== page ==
Residence: South Korea
Date of Performance/Collection: April 25th, 2020
Primary Language: Korean
My informant is an adult female who was born in Seoul, South Korea. She received Korean education throughout her life and mainly speaks Korean. She believes in Buddhism and has been attending temple events for a long time. Her family also are Buddhist and follows the Buddhist way when it comes to events such as funerals and ancestral rites. Here, she is describing how to prepare the table for ancestral rite, which is different from regular meal table rites. She is identified as K, and I will be identified as E in the dialogue. This piece was collected over a phone call in Korean and was translated into English.
K : As far as I know, the ancestral rite table is related to the belief in geomancy. To start off, the table must be facing the North side.
E : Is there a reason why it must be facing the North side?
K : Yes. Ancestral rite day is considered as a ‘mini-day of the dead event’ and it is believed that all spirits come from the North side. So if you don’t have the table that way, it means that you’re not welcoming them.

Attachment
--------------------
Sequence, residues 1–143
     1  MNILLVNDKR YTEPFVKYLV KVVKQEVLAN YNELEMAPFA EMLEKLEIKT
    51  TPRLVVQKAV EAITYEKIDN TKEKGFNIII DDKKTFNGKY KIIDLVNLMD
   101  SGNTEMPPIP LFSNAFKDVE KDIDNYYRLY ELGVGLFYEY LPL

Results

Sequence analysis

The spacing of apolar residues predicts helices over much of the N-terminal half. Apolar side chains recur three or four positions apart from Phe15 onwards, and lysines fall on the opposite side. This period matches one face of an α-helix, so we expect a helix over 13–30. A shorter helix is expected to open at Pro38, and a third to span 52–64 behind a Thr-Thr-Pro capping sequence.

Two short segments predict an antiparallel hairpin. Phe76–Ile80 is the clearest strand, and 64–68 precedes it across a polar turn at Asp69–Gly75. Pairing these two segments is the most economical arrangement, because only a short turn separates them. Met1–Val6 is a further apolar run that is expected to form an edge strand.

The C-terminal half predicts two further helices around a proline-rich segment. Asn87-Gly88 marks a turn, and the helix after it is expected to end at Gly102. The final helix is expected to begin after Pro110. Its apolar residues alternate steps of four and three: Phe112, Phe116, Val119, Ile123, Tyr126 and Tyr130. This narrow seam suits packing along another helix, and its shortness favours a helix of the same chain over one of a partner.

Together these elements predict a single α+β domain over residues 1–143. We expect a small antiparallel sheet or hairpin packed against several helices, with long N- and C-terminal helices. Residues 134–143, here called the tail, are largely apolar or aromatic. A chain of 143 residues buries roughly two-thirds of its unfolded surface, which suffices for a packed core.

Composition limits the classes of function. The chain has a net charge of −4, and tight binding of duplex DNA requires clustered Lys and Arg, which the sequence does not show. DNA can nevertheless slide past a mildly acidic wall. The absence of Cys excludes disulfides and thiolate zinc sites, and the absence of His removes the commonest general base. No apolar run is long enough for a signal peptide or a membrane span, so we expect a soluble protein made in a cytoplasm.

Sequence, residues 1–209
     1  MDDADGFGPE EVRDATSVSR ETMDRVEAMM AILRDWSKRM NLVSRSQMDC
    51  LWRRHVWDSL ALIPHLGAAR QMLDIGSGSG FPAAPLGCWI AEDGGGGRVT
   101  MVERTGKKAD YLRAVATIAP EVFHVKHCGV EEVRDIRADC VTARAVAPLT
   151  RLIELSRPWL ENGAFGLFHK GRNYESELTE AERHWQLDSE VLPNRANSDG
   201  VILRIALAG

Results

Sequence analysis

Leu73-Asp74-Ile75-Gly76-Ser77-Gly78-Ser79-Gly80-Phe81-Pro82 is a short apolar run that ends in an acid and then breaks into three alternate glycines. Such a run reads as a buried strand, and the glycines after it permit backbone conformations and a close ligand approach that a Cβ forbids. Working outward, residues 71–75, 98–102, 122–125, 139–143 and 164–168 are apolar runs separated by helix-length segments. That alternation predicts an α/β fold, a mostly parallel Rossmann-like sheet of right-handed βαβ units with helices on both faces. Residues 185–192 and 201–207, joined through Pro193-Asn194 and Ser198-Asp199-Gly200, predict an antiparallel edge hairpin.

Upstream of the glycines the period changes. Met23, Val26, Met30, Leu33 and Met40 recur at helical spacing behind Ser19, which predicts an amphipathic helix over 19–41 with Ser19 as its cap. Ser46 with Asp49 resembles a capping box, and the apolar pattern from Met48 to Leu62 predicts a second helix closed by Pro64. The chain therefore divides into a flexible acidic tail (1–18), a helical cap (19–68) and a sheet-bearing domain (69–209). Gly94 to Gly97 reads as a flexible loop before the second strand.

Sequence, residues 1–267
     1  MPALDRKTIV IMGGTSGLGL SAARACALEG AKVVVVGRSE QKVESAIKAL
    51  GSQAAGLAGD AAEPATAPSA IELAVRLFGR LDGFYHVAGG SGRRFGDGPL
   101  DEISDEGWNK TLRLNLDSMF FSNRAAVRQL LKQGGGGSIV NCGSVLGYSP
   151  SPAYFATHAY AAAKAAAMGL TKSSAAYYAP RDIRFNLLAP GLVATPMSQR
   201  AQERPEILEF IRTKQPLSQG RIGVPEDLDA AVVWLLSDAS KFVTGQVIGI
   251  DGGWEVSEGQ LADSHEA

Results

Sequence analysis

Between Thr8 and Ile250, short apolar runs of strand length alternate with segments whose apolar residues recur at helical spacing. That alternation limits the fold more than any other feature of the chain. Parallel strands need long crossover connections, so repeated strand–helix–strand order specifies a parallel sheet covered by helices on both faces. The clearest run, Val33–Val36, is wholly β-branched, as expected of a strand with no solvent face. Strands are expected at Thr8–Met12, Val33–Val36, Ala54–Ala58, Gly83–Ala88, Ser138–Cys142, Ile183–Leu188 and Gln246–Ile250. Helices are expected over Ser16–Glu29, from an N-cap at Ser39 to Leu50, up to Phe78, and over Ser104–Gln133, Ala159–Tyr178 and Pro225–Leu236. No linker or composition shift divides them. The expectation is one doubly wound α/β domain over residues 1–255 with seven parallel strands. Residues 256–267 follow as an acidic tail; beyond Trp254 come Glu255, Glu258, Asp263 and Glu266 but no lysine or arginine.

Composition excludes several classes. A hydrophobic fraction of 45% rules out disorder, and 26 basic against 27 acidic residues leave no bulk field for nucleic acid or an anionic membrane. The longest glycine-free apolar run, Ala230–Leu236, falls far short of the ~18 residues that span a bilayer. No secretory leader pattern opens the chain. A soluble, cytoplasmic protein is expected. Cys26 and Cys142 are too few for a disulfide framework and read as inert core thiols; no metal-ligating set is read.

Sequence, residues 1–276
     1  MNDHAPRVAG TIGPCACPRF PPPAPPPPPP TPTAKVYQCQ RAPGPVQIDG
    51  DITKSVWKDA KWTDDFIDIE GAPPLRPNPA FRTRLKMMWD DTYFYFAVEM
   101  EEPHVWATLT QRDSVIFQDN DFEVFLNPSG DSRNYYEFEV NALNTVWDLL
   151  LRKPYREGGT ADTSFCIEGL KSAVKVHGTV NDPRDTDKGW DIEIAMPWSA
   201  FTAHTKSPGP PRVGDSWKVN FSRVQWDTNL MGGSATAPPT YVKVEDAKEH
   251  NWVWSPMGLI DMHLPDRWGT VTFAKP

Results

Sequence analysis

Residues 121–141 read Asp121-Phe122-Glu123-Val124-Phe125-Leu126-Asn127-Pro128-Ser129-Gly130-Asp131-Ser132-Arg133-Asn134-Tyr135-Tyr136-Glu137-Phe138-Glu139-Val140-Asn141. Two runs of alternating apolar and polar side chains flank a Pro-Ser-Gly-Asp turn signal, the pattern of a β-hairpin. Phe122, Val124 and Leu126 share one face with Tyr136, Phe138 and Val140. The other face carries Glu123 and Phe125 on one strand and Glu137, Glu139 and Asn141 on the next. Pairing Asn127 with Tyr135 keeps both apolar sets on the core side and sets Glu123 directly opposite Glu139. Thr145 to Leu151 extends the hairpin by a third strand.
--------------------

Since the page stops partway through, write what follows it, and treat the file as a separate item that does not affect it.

E : I see.
K : Other rules that need to be kept are related to this. Since the spirits will be coming from that side, all food and utensils must be prepared on the opposite side of us, so that the spirits can eat while we face them.
E : So you’re putting utensils as if someone is sitting across from you?
K : Yes. You also need to put the rice on your, the person who is holding the ancestral rite, right and the soup on your left so that the spirits will have rice on their left and the soup on their right. Koreans have a ‘tacit agreement’ that warmer foods are supposed to be placed on the right side.
She ended her description by noting how all families tend to have different styles of how they perform ancestral rites and that her description is just the basics; some families might not care what side their table is facing and some families might not even perform the rite at all.
I live in a family who doesn’t perform ancestral rites as often and I found this piece very interesting. I’ve only attended ancestral rites twice or thrice when I was very young and didn’t know the details to it. The belief that the dead spirits of our ancestors return to have a quick meal that their descendents have prepared reflects the strong Confucianist belief of Korean societies; Korean descendents and the younger generations are expected to respect and take care of the older generations and even after they have passed away too. However, a lot of Korean families quitting to do annual ancestral rites also show that the new generations are walking away from Confucianist traditions that have been taking a spot in the Korean society for centuries.